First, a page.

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'Forty Years After Prague, It's Georgia's Turn'

Viktor Fainberg
Viktor Fainberg
PRAGUE -- Forty years ago, eight Russian human rights activists went to Red Square in Moscow to protest the Soviet military intervention in Czechoslovakia. The activists were promptly arrested and sentenced.

Two of the participants in the Red Square demonstration, Pavel Litvinov and Viktor Fainberg, traveled to Prague for the 40th anniversary of the invasion on August 21.

Fainberg, who spent five years in a Soviet psychiatric ward following the Red Square protests, notes that in the last 40 years, little has changed. "History has played another cruel joke on us," he says. "Forty years -- what has changed in that time? Almost exactly 40 years after Prague, it's Georgia's turn. The same scenario and the same reaction -- which smells of Munich" -- the 1938 Munich conference at which Western powers agreed to allow Hitler to occupy part of Czechoslovakia.

"And the hopes are the same," Fainberg continues. "Back then it was called 'Prague Spring,' while now it is called 'New Europe,' the part that lived through totalitarianism -- Poland, Ukraine, the Czech Republic, Slovakia -- and Old Europe, which is looking around in all directions just as it did back then. I would like to say that Prague Spring was our hope, too; we hoped that spring would somehow migrate and become our spring, or our summer.

"Now, even though in our own lifetimes we have -- to use [former Soviet dissident] Vladimir Bukovsky's phrase -- lived to see ourselves ruled by the Gestapo, I think that even now that same hope exists. And, once again, one of the oases of that hope is Prague, because people here reacted correctly to what happened in the Caucasus, first in Chechnya and now in Georgia.

"I would like to say a word to all those in my homeland who do not accept their lack of freedom. I want to urge them to stay free and to choose their place in this terrible time."

'They Beat Us On Red Square'

Pavel Litvinov, a physicist and dissident who served a five-year sentence for his role in the protest, compared the situation then in Czechoslovakia with what is happening now in Georgia.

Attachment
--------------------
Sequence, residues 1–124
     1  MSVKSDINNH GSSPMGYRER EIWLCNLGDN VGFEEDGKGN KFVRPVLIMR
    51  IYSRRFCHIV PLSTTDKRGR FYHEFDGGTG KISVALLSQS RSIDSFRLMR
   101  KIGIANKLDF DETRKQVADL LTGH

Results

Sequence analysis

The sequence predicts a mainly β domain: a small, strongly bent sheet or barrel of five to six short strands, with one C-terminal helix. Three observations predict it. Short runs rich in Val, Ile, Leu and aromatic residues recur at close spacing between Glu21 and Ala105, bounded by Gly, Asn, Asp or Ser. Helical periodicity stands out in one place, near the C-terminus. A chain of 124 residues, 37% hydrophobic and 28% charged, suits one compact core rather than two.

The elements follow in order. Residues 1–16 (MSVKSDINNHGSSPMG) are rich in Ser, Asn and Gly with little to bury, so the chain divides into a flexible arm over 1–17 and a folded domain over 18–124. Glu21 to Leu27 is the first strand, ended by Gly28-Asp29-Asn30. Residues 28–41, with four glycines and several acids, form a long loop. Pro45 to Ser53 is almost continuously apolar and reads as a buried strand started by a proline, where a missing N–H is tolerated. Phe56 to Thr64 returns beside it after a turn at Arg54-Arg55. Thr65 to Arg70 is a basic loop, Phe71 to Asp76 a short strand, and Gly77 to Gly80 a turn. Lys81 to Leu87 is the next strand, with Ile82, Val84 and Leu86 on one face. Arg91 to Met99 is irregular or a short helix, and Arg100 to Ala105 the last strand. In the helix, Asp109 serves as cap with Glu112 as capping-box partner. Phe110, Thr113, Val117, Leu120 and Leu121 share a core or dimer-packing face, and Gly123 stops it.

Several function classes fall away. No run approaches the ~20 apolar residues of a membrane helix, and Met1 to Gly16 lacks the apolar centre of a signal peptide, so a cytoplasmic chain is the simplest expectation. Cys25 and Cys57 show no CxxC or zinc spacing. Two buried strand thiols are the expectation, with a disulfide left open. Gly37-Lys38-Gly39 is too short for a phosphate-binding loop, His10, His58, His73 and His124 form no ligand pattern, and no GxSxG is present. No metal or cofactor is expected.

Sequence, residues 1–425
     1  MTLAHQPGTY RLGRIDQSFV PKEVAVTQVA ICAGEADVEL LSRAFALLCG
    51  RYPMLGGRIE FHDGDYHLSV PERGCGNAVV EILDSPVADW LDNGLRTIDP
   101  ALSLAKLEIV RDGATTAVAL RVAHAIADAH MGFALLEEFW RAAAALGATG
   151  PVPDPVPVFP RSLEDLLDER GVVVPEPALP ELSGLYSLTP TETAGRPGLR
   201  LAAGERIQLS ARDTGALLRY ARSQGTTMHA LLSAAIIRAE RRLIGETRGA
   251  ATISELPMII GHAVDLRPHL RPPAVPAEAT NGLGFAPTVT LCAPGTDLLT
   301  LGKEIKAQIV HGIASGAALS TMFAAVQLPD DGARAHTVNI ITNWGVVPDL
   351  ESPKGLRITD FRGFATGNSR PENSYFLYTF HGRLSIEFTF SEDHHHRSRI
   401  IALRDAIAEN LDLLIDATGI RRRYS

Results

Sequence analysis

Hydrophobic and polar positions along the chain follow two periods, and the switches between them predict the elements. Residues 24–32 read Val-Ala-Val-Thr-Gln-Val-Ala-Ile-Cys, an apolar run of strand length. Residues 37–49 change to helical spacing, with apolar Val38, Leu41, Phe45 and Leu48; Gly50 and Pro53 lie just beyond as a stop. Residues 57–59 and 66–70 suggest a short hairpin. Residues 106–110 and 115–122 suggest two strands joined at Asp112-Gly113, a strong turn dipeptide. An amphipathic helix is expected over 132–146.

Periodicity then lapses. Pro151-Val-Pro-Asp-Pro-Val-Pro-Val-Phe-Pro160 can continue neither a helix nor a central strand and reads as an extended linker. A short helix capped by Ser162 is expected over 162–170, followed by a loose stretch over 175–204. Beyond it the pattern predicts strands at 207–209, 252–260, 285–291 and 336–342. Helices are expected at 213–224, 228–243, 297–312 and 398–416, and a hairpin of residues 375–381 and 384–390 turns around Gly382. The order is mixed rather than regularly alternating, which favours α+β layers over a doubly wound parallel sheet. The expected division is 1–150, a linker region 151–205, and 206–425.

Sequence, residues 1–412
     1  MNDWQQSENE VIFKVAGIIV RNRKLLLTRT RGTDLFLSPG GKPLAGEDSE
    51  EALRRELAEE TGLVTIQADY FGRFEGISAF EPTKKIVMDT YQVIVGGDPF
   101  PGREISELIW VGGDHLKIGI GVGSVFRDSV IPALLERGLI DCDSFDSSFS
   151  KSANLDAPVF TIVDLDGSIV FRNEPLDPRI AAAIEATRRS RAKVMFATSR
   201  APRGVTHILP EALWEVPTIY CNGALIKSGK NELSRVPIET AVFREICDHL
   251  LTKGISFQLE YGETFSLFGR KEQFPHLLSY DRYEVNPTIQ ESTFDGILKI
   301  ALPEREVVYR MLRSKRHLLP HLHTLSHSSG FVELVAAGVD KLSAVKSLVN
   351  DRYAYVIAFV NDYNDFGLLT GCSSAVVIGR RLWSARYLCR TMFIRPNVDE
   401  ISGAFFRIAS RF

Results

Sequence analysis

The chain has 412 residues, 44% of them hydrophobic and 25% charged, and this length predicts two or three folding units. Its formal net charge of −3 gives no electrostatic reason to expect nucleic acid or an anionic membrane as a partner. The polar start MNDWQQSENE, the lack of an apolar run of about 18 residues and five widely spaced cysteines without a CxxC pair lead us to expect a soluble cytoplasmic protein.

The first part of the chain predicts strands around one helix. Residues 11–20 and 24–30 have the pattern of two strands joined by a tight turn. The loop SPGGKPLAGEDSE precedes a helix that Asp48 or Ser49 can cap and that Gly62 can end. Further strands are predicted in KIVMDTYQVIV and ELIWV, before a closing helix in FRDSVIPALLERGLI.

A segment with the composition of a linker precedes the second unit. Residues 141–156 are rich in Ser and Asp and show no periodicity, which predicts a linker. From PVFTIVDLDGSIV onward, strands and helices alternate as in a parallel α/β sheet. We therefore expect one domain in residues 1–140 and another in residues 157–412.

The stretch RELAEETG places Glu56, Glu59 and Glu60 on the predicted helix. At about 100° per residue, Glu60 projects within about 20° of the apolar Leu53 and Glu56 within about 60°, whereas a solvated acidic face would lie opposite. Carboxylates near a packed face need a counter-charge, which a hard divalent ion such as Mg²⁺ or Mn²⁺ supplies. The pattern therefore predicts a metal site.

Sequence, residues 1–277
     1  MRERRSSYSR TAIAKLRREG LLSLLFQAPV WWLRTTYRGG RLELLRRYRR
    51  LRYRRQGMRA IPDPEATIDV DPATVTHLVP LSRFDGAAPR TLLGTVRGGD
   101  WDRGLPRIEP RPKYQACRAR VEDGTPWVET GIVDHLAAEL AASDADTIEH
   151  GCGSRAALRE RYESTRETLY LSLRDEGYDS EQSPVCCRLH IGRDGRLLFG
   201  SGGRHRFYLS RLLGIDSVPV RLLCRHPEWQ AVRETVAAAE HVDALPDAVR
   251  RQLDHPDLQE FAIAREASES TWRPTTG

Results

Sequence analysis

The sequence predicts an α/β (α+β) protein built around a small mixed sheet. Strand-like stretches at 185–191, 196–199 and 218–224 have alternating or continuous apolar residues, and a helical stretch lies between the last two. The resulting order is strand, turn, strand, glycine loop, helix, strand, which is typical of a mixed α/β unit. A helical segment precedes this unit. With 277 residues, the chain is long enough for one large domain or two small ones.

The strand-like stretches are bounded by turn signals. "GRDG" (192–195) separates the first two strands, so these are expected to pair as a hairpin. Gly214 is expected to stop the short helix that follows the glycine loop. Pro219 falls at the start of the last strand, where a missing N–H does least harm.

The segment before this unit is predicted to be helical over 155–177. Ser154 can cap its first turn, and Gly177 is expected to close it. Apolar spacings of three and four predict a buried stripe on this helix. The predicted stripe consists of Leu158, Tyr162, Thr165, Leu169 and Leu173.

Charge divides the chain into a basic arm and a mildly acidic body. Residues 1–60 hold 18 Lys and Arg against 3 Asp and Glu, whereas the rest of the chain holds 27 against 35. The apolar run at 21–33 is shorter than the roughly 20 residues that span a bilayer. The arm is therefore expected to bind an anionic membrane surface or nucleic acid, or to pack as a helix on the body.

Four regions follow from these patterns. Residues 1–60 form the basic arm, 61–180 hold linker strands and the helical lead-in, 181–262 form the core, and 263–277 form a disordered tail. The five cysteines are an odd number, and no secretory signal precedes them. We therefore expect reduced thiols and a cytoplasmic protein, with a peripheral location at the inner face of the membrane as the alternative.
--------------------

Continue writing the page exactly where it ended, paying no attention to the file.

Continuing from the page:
"On August 25, 1968, seven friends and I went to Red Square in order to express our shame over the conduct of our government and our disagreement with the introduction of troops into Czechoslovakia," Litvinov said. "We protested against the idea of using tanks to crush free speech. That was the idea.

"Now I am in Czechoslovakia [sic] -- it is a free country that is following its own policies, and living its own life, one that a small country should live. But back then, that life was interrupted. Here I just watched the films of how Soviet tanks were driving through Prague, shooting at the National Museum because they thought it was the radio station. And Czech civilians approached those tanks and began to talk to them. More than 100 Czechs died in the fighting.

"And what was going on with us? They beat us on Red Square. Vitya Fainberg had his teeth kicked out by a KGB boot. We were taken to the police, tried, and convicted. I got five years -- some of it in prison, some in exile in Siberia. Thank God, I survived and now can remember it without difficulty. And I think it is important that we were able to say this, that we came out [in protest].

"There is something now to remember and to be cautioned about. Because today Russian forces have occupied Georgia and it is extremely important that they leave that country so that Georgia can develop in its own way, that they not interfere in Georgia's domestic affairs, and that Georgia -- perhaps with Russia's participation -- can resolve the problem of Abkhazia and South Ossetia. But this must be settled peacefully, with the participation of international observers, without arms, without occupation."

Prague Spring Video

End Of Prague Spring
Eyewitnesses To Invasion

On the 40th anniversary, two Czechs and two then-Soviet soldiers remember their parts in history. Play